Without a doubt this is the largest and heaviest book this reviewer has ever reviewed, weighing in at 7.5 pounds. Coordinating and editing the contributions of more than 140 authors, Jacko (Univ. of Minnesota) has done an amazing job in creating a well-organized, uniform reference to the state of the art in human-computer interaction (HCI). Despite its size, the book is an excellent, easy-to-use reference. After reading the foreword by Ben Shneiderman (Univ. of Maryland) and the preface by Jacko, all readers must take the time to read the introduction by Jonathan Grudin (Microsoft Research); it is great history. This third edition (2nd ed., 2008; 1st ed., CH, Apr’03, 40-4648) is composed of 62 chapters organized into seven parts. The 29 chapters comprising the first three parts lay the foundation of HCI. Parts 4 and 5 elaborate on design issues. Part 6, “The Development Process,” is so large that it is further divided into three subsections: “Requirements Specification,” “Design and Development,” and “Testing, Evaluation, and Technology Transfer.” Each chapter contains its own set of references, and the book has separate author and subject indexes, both of which are quite large. Summing Up: Highly recommended. Upper-division undergraduates through professionals.


Isaacson, Walter. The innovators. Simon & Schuster, 2014. 542p index ISBN 9781476708690 cloth, $35.00

Isaacson (CEO, Aspen Institute) follows his Jobs biography, Steve Jobs (CH, Apr’12, 49-4500), with an exceptional history of the innovations that drove the digital revolution. Besides revealing the technologies involved, he integrates succinct profiles of important individuals and corporations, emphasizing the management styles deployed that either encouraged innovation or foiled success. The collaboration between Ada Lovelace and Charles Babbage in the 1840s launched the digital revolution. Babbage’s Analytical Engine and Lovelace’s accompanying commentary and algorithms were inspirational for later generations. The author discusses the transformation of the 19th-century world of human calculators into today’s digital world of the web, and explains that ubiquitous computers, smart appliances, and virtual social spaces required many significant innovations. Switching circuits, transistors, microchips, microprocessors, the mouse, and memory storage were prerequisite; the conceptual shift away from single-use computers, e.g., the ENIAC for hydrogen bomb calculations, to multipurpose programmable computers was critical. The journey of innovation continued with the birth of time-sharing and ARPANET, which evolved into the Internet; the successful launch of personal computers by Gates and Jobs; e-mail, Usenet groups, and bulletin boards creating community; and operating systems like Linux becoming open and free. Isaacson concludes his engaging history with recent innovations that are building the web. Summing Up: Highly recommended. All readership levels.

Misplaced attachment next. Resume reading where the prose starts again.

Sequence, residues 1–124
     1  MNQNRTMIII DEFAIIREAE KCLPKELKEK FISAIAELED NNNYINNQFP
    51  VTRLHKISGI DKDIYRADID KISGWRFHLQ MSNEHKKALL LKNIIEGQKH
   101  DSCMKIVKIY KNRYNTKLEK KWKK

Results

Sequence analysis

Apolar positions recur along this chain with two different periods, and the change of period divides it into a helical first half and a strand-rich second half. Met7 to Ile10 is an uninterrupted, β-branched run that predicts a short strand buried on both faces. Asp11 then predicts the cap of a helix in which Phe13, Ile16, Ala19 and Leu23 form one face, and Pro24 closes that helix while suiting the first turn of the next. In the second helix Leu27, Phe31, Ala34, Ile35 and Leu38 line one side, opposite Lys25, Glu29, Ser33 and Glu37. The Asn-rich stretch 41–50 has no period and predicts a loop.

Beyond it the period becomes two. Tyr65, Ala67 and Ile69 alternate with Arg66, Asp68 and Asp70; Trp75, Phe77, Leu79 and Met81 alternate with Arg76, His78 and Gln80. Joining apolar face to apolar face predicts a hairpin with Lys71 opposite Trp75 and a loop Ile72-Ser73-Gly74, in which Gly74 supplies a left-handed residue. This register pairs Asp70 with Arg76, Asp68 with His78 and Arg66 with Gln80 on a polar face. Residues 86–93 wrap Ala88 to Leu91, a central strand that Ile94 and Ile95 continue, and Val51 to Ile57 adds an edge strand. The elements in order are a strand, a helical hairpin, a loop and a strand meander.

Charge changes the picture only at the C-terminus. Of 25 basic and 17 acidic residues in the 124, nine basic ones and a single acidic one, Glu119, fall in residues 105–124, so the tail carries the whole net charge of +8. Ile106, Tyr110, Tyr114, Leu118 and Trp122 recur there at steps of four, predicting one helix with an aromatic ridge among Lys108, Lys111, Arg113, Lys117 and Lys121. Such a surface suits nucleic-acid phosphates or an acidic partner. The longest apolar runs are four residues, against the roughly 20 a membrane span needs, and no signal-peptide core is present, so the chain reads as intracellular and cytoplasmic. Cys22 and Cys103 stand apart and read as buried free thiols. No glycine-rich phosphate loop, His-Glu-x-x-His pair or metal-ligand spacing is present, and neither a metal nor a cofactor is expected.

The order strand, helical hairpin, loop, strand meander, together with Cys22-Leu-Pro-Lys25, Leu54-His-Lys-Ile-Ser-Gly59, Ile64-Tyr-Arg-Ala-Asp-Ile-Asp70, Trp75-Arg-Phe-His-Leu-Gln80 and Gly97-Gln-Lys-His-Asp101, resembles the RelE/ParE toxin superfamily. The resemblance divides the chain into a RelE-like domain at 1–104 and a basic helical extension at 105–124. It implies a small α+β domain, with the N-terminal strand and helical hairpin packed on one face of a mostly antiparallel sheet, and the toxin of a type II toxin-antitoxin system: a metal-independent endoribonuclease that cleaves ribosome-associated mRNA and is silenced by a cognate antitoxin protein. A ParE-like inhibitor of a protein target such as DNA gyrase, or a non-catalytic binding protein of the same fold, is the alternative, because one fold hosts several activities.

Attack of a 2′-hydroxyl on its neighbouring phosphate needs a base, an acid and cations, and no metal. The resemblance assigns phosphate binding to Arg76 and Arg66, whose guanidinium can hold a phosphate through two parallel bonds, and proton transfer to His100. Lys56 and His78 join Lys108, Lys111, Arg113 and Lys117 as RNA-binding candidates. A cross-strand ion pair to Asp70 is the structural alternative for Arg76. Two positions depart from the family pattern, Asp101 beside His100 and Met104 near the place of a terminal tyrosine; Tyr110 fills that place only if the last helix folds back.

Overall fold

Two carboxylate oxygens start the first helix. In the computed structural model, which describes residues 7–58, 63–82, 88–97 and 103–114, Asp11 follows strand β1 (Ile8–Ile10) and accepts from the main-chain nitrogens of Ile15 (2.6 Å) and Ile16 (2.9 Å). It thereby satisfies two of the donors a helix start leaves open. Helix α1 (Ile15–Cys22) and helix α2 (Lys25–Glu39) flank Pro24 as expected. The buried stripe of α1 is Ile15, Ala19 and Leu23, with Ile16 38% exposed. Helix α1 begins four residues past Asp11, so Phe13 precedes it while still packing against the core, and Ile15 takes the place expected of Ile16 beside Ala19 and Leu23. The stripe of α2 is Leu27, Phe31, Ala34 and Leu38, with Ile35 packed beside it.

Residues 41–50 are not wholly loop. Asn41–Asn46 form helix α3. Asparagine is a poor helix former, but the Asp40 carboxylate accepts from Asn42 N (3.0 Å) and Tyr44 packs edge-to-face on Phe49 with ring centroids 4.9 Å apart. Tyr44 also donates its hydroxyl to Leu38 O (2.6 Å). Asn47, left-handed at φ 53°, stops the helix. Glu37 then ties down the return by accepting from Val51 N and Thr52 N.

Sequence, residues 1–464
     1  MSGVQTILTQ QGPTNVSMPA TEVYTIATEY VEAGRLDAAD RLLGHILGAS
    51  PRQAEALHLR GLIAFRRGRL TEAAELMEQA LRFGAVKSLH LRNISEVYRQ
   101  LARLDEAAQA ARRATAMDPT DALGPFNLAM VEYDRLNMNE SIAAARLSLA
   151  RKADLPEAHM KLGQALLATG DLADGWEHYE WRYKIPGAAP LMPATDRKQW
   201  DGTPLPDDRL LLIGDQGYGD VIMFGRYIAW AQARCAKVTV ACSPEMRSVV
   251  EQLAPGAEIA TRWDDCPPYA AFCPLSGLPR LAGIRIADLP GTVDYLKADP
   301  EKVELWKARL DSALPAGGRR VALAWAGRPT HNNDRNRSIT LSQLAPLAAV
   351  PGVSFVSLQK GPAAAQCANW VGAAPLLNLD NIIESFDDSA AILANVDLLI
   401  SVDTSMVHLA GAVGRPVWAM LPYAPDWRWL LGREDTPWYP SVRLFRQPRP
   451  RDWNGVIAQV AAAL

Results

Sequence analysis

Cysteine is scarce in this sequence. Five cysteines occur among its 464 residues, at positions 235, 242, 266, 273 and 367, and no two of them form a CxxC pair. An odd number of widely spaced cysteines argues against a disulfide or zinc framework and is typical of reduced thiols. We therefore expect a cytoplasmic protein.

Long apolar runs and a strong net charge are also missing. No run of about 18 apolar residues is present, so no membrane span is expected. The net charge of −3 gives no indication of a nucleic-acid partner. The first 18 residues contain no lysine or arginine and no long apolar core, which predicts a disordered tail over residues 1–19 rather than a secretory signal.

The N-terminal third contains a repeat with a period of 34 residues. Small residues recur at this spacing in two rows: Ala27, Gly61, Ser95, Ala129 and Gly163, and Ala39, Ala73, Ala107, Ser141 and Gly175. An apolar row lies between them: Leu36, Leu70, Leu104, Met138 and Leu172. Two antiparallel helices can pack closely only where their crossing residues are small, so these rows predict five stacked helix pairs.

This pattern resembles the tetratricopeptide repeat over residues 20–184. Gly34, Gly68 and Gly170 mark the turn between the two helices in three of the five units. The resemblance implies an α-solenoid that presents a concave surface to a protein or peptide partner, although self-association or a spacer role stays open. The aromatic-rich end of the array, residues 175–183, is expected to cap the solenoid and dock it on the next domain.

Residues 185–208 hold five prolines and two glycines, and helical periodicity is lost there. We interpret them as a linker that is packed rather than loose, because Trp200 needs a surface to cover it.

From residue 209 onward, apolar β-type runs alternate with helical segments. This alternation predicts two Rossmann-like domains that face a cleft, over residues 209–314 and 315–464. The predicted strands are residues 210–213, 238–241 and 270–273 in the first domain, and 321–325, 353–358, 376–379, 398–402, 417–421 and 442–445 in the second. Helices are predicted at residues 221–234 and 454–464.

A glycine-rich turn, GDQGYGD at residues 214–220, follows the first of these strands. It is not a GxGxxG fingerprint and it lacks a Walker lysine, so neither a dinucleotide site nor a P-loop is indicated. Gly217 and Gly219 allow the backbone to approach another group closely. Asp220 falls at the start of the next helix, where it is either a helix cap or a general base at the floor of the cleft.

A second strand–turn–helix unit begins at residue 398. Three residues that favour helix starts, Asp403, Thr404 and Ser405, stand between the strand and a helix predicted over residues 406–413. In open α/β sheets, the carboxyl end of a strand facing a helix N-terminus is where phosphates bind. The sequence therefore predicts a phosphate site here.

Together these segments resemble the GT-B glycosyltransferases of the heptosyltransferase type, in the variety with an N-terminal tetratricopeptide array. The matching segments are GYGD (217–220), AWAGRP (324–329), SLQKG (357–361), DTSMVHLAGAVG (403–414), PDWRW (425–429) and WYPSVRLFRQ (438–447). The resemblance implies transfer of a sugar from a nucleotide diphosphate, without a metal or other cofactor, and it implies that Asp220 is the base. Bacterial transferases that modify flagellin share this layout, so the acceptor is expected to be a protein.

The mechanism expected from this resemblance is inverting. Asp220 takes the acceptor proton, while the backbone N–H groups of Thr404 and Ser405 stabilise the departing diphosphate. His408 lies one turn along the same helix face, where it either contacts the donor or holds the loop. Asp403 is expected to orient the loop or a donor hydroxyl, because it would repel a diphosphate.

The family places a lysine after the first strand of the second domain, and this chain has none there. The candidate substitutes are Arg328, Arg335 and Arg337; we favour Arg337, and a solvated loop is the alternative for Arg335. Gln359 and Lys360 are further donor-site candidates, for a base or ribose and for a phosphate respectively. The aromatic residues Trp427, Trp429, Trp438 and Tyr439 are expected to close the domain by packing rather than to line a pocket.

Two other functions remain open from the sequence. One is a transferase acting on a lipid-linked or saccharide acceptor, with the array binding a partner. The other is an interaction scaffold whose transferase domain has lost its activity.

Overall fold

Johnson, Steven. How we got to now: six innovations that made the modern world. Riverhead Books, 2014. 293p bibl index ISBN 9781594632969 cloth,$30.00

This book is for anyone who is curious about how all the gadgets making up modern culture came to be. Johnson, a journalist and an author, e.g., Where Good Ideas Come From (CH, Jun’11, 48-5785), covers six topics in chapters titled “Glass,” “Cold,” “Sound,” “Clean,” “Time,” and “Light,” addressing each subject from its ancient origins to many of the offshoots people take for granted today. Tales include the attempt to lift the entire city of Chicago with jacks to make the sewers work, the man taken to court for daring to test chlorinated drinking water, and the inventor who tested a sound recording device decades before Bell but forgot one essential feature: a means to play it back! The book’s conclusion is one of the most interesting tales and concerns Charles Babbage, the inventor of the first primitive computer. Especially fascinating is the story of his programmer, Ada Lovelace, a countess and daughter of the notorious poet Lord Byron. The book is profusely illustrated and is supported by six pages of notes and a 12-page bibliography. It would fit well on the shelves of public and school libraries as well as on the bookshelves of anybody interested in the evolution of science and technology. Summing Up: Highly recommended. All levels/libraries.


Kaku, Michio. Physics of the future: how science will shape human destiny and our daily lives by the year 2100. Doubleday, 2011. 389p bibl index ISBN 9780385530804, $28.95